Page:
England’s Young Lions: England World Cup Preview

On Saturday England will embark on another World Cup campaign. The current squad will take on Italy in the heat and humidity of Manaus in a game which comes with less expectation than the English public are used to. England are used to the tabloid press banging the drum about how this is the year that the England team evoke the spirit of ’66 and sweep all before them in a glorious victory at the World Cup. Unfortunately the reality is usually underperforming in the group stages and labouring into the knockout stages, where a few heroic performances usually lead to the heartbreak of a penalty shootout. This new found sense of realism may come from the fact that England have a young and mostly untested squad and go into this World Cup perhaps with one eye on the future. However should England gain favourable results in their opening two fixtures against Italy and Uruguay, the expectation will come rushing back.

England World Cup Preview

The Future is Now                                                              

Roy Hodgson has picked a very youthful squad  with young stars such as Ross Barkley of Everton, Luke Shaw and Adam Lallana of Southampton, and Daniel Sturridge and Raheem Sterling of Liverpool taking their place alongside the established names of Wayne Rooney, Steven Gerrard & Frank Lampard. All those in the squad have had excellent seasons in the Premier League with their clubs, but a couple of other young players could have been included to develop a core of young experienced players who would be battle tested come Euro 2016 in France and the World Cup in Russia 2018. Everton’s John Stones has had an excellent season and the central defender has been recognised and is on the standby list, but in a season where both Chris Smalling and Phil Jones have struggled as Manchester United’s season went from one disappointment to another perhaps the confidence on the 18 year old Stones on the back of a 5th place finish in his first season in the Everton 1st team should have seen him selected. The second player who may have deserved inclusion is Crystal Palace right back Joel Ward. The right back position has been somewhat of a headache for England without a clear experienced choice after Glen Johnson, due to Kyle Walker’s injury and Micah Richards’s lack of first team football at Manchester City. The young Southampton duo of Nathaniel Clyne and Calum Chambers deserve a mention, however having seen some of Ward’s play this year I feel he should have been considered ahead of the misfiring Smalling. As a key component of a defence that conceded fewer goals than second place Liverpool, Ward also showed his versatility, a great attribute in tournament football, by filling in across the back four and even in central midfield when called upon.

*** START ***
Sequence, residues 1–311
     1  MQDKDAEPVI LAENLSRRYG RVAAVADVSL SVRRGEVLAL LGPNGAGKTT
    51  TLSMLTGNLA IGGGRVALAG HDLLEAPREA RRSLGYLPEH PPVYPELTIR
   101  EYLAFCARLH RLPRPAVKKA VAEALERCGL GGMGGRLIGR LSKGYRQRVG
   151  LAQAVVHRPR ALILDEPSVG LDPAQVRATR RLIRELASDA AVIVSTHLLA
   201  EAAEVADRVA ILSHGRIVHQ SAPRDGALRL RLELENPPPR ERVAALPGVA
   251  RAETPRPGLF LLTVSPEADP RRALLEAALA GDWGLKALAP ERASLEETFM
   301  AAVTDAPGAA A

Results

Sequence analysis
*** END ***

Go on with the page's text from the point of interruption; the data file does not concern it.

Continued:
Preparations

England have had, by their usual standards, a fairly uneventful run up to the World Cup, with Alex Oxlade-Chamberlain the only serious injury concern. A few interruptions due to inclement weather in Miami, in conjunction with draws against Ecuador and Honduras, may not have been the most ideal preparations for Roy Hodgson, however there are positives to come from England’s time in South Florida. Oxlade-Chamberlain aside, England came out of the camp reasonably unscathed with no mention of the dreaded metatarsal which has hindered previous campaigns. Ross Barkley’s performances showed great promise and England showed a calm ability to keep the ball and not force the play unnecessarily in the heat of Miami, which will be essential against Italy in Manaus. A couple of minor negatives, Raheem Sterling’s red card against Ecuador will serve as a warning to England’s players that they must keep their cool in the heat of the Amazon. Also with games against Honduras and Ecuador it would have been good to get a win or two out of those games to boost confidence going into the tough games against Italy and Uruguay.

How Far Can England Go?

In a group with Italy, Uruguay and Costa Rica, England face a challenge to even make the knockout stages of the World Cup, but not an insurmountable one. England have the ability to play as a unit and get the results against Italy and Uruguay and should definitely have enough to see off Costa Rica. Should they escape group D this would pit them up against the winner or runner up from group C made up of Columbia, Greece, Japan, and Ivory Coast. All should be winnable games. From the quarter-final stage England will start to meet the heavyweights of world football. A shock result is always possible and a semi-final berth would be seen as a success for this England team, however that’s as far as I feel this England team can go.

Verdict

England have a young unscarred team that can mix it up with some of the more seasoned teams and their young legs may be an advantage in the heat of Brazil. The knockout stages are by no means beyond this team and quarter-final or even semi-final berth are not beyond this squad. However the same old narrative could rear its ugly head once again with a brave team of young England players battling against all the odds only to suffer heartache from 12 yards in the cruel lottery of a penalty shootout. Even if that is the case I see a lot of promise from this squad and if they can take their experiences from this tournament, learn and grow as players from this, they will be strong contenders at Euro 2016 and Russia 2018.

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